Getting your makeup done can be very expensive, but it doesn’t have to be. You can learn how to do your own prom makeup by watching YouTube tutorials. It takes practice to create the perfect look, so start practicing early. YouTube Beauty Vloggers such as Michelle Phan and Kandee Johnson have many easy makeup tutorials that will help you achieve the look you’re going for.

Another thing you can do is head over to make up stores such as Benefit, MakeUp Forever, Mac, Sephora etc.. and ask for offers that they’re doing. Most of the time you can make a purchase for a certain amount and get your makeup done for free. This way you will get your makeup done by a professional for free by stocking up on products that you were going to buy anyway.

For hair, you can also look up YouTube tutorials of hairstyles you can recreate. Hairstyle vloggers such as Lilith Moon have easy to follow tutorials whether you have short, medium or long hair. There’s also step by step tutorials on Pinterest. If you really want to go to a salon to get your hair done, try looking on sites such as Groupon to find salon deals. Also, going to a local cosmetology school could save money as well since it will be a lot cheaper than going to an actual salon. Manicures and pedicures are also great finds on Groupon!

One line of products you might want to check out to look and smell your best is GLOW for a cause. The company creates a variety of beauty products using natural, high quality ingredients rather than the synthetic glop found in most cosmetics. The products are reasonably priced, smell great, and support charities. Glow for a cause donates to one of the following causes with every purchase you make:

  • Cowgirls vs. Cancer
  • Boston Firefighter’s Burn Foundation
  • The Red Sox Foundation
  • MaxFund Animal Adoption Center
  • The Gathering Place
  • Berni’s Journey

glow body butter

Share Costs (limo, Uber, dinner, prom pics)

Sharing costs with your prom date and friends is a great way to save money.

First, consider reducing ride costs. Have your parents drop you off or take an Uber (TRY CODE: UBERFREEFORYOU for a free ride if its your first time). For those who really want to make an entrance and drive in style riding in a limo, share the cost between a group of friends.

For prom photos, split the expense with your date. Or, skip the formal shots which can be pricey. You live in an age where you have the technology and high resolution on your electronic devices, so you can even take your own photos and selfies to record your memories.

Post-prom, most students like to head to places to eat dinner and hang out after hours. You and your friends can share desserts and have pancakes at inexpensive 24 hour diners such as Denny’s, Norm’s, Bob’s Big Boy etc.power bank

And, since you are going to be taking a lot of selfies and videos, you need some backup power. Nothing worse than running out of juice when the night is still young (and with no way of letting your parents know you are safe).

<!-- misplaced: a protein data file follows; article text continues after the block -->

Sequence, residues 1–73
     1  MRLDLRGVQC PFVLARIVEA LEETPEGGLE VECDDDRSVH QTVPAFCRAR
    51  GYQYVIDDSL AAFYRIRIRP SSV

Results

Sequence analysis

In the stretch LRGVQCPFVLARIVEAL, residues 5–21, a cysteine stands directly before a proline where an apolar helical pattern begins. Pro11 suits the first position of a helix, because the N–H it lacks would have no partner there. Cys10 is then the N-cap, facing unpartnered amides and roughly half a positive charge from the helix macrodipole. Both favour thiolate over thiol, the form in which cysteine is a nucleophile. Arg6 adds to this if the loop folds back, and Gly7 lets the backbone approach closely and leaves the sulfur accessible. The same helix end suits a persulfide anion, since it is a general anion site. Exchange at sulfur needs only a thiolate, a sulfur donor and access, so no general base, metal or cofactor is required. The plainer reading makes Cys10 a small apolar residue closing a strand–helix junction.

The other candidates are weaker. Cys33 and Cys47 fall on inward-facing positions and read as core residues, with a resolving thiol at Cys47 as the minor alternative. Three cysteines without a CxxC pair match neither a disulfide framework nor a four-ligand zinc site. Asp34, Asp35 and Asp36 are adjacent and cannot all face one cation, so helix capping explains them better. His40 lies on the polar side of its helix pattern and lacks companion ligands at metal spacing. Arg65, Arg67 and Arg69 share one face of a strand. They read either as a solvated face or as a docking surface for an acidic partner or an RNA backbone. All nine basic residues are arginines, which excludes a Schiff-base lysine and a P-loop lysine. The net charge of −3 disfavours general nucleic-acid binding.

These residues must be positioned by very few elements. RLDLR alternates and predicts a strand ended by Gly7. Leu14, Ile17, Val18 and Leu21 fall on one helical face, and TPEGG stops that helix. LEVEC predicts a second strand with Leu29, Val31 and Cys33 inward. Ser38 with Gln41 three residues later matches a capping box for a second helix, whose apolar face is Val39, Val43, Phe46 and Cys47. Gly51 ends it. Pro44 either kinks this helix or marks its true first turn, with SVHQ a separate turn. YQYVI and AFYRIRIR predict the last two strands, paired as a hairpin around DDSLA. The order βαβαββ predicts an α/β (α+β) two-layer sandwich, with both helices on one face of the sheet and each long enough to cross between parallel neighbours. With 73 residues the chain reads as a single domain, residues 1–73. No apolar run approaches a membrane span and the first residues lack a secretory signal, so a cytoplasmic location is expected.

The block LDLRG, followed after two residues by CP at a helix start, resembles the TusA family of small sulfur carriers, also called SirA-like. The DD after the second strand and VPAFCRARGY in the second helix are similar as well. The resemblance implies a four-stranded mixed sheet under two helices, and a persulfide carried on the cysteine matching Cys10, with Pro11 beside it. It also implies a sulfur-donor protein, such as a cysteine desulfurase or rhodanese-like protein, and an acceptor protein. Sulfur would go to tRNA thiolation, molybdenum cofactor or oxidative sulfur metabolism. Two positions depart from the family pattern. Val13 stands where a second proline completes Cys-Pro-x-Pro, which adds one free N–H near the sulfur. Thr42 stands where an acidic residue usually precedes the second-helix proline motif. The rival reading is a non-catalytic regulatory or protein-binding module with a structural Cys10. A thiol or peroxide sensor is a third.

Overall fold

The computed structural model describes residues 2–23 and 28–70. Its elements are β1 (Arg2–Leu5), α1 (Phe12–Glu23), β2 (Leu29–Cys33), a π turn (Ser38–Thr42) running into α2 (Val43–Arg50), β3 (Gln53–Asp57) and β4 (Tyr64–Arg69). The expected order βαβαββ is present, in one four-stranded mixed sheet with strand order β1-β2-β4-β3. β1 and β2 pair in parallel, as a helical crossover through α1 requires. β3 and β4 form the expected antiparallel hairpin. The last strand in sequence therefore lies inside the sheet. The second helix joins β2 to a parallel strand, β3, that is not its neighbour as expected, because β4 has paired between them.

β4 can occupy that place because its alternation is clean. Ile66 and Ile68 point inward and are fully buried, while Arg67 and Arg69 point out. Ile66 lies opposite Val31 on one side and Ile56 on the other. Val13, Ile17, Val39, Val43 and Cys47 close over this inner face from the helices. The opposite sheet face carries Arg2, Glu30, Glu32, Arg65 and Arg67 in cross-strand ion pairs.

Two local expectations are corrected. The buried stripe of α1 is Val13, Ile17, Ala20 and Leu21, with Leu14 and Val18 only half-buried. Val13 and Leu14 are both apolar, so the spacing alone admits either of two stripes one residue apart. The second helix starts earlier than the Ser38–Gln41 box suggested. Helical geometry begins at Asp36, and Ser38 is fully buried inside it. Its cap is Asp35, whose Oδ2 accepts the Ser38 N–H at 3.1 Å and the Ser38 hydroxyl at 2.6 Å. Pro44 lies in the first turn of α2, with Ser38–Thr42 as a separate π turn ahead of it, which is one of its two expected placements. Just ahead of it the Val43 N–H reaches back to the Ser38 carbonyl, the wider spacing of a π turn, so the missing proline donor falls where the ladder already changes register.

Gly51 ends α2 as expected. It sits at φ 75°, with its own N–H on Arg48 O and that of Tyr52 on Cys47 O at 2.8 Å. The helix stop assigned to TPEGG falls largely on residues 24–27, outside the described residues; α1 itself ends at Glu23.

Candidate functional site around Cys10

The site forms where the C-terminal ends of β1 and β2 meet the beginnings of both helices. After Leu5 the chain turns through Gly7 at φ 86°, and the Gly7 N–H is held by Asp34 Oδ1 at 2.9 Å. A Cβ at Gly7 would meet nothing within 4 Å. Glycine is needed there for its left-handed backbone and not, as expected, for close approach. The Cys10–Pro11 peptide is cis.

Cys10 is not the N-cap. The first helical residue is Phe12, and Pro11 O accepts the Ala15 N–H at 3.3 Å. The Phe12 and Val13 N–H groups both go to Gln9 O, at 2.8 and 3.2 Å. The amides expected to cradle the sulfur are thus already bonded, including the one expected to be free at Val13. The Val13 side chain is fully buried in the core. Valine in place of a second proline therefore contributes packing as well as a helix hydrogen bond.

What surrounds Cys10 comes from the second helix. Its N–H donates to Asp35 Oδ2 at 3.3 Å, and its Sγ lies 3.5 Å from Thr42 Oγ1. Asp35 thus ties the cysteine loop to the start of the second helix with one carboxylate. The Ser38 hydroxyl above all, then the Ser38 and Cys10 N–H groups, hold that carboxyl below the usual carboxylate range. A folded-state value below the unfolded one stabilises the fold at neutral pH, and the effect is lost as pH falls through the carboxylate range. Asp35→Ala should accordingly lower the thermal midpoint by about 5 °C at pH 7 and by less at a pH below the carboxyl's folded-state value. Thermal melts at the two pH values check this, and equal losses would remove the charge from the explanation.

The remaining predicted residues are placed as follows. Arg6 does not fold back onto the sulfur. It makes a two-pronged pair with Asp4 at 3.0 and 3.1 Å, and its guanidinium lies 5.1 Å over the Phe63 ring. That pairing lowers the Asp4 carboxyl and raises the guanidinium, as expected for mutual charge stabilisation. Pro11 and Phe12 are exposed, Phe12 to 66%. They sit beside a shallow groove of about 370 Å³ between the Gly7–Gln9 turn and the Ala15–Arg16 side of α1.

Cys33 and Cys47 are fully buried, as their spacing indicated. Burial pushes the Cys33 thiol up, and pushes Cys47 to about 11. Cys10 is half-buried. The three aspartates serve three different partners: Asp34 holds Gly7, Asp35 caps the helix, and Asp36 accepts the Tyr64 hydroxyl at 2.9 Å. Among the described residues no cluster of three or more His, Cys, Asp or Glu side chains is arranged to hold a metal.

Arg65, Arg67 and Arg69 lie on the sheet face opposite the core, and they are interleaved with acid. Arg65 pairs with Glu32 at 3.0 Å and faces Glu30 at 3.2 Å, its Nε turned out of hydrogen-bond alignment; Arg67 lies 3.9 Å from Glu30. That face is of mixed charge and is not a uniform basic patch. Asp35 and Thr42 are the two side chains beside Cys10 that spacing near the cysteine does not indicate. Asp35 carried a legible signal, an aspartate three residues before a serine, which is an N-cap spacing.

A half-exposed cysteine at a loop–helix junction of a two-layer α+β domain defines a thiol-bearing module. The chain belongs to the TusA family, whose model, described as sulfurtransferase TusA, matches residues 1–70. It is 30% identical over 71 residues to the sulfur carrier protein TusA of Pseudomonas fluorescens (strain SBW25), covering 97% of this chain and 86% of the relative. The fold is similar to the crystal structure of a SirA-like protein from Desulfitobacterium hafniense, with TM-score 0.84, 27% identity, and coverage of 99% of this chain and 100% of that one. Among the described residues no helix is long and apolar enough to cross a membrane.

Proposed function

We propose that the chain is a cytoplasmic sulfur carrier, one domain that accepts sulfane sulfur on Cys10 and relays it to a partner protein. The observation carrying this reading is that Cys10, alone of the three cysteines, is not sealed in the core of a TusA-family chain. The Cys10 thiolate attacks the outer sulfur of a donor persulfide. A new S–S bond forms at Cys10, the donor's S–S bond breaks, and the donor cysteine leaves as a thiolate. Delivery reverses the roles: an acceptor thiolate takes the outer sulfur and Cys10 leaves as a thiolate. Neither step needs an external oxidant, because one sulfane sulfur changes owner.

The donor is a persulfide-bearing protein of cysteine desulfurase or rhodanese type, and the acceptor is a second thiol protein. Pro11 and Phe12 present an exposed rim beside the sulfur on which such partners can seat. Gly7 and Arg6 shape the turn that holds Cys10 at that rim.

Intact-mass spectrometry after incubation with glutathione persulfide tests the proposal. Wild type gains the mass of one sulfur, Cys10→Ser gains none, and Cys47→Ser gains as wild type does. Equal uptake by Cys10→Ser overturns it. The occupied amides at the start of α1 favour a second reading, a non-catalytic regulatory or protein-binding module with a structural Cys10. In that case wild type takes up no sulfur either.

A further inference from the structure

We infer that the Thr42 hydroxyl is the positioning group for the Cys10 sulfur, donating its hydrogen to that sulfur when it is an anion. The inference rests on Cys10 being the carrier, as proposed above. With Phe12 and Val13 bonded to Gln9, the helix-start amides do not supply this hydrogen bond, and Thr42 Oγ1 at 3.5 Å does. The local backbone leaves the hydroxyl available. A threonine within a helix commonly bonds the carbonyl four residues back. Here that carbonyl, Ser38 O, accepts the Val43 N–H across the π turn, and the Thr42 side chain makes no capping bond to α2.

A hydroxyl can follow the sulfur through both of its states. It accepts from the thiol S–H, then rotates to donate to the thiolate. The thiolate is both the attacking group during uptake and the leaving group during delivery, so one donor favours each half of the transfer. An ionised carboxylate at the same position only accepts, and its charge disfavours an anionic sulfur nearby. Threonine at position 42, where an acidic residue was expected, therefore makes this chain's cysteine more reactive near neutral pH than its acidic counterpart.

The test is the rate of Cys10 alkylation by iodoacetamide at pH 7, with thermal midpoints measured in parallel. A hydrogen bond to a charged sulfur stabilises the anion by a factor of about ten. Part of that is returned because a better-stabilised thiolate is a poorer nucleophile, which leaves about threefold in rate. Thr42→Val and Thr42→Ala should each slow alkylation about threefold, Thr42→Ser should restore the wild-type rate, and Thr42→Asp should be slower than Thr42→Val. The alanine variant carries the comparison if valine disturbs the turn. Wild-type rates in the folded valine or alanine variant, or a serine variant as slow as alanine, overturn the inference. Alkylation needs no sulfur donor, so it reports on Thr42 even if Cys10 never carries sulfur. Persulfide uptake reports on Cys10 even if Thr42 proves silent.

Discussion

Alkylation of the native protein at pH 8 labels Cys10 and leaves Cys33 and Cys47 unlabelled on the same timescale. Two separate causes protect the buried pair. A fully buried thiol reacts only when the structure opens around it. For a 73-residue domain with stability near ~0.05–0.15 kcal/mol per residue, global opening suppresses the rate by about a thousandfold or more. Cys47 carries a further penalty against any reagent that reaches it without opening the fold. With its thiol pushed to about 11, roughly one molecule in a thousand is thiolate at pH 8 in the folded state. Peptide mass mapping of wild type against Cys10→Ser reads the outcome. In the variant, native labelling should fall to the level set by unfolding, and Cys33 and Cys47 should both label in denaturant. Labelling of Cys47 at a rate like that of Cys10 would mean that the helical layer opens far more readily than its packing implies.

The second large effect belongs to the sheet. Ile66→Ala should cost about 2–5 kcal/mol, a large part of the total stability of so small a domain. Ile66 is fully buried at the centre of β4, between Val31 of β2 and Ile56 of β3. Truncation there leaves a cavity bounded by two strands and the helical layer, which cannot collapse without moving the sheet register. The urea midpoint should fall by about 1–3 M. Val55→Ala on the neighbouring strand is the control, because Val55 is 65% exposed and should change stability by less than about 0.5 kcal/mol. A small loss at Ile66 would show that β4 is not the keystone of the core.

To solve this, carry along a Cheero Power Plus portable battery, DANBOARD version. Available in seven flower inspired colors and with an adorable face, Cheero is ready to charge Apple and Android phones and tablets. The 10050mAh battery is equipped with an AUTO-IC function, allowing the external battery to automatically recognize if a device is connected. The external battery optimizes the supplied power best suited for each device. Complete with two port outputs, there’s even room to charge more than one device at a time.

Its rated to charge an iPhone up to 3.5 times. We tested it with a Samsung Galaxy S6 and got two full charges plus a little extra. So this is plenty of juice to bring with you to prom — should last the whole night! And, its pretty small!

Available at select Nordstrom and at Amazon Prime for $39.99 at Amazon.com.

Enjoy Prom night knowing that you didn’t break your wallet!

p.s. Stay safe…check out this article about the X-Plan and talk to your parents or guardians about it.


Kristen_MarquezThis post was a collaboration between Kristen Marquez and Willie Pena (Editor in Chief)

Kristen Marquez graduated with a B.A. in Cinema & Television Arts from California State, University Northridge with an emphasis in Television Production. She is a social media coordinator by day and a content creator by night. With her great imagination, she knows she will create the next big thing whether it’s a script, a product or a simple idea that will fill people’s hearts with joy and entertainment. She blogs for a hobby and loves spending time with her golden retriever Lily.

Instagram: @lexikris
Twitter: @krisiza10

7 Steps for How to Save a Lot of Money and Not Spend it on Useless Things

Wondering how to save a lot of money? Are you’re a big spender, with too many things that you bought for almost no good reason?

You’re not alone!

It’s normal for an average teen to spend a lot compared with what they make. It’s not bad to want things, but it is bad to buy things “just to have it” and with no purpose.

The good news is that you CAN control your spending habits. Follow these steps below for how to save a lot of money not spend it on useless things!

save money teenagers

Step 1. Put money aside FIRST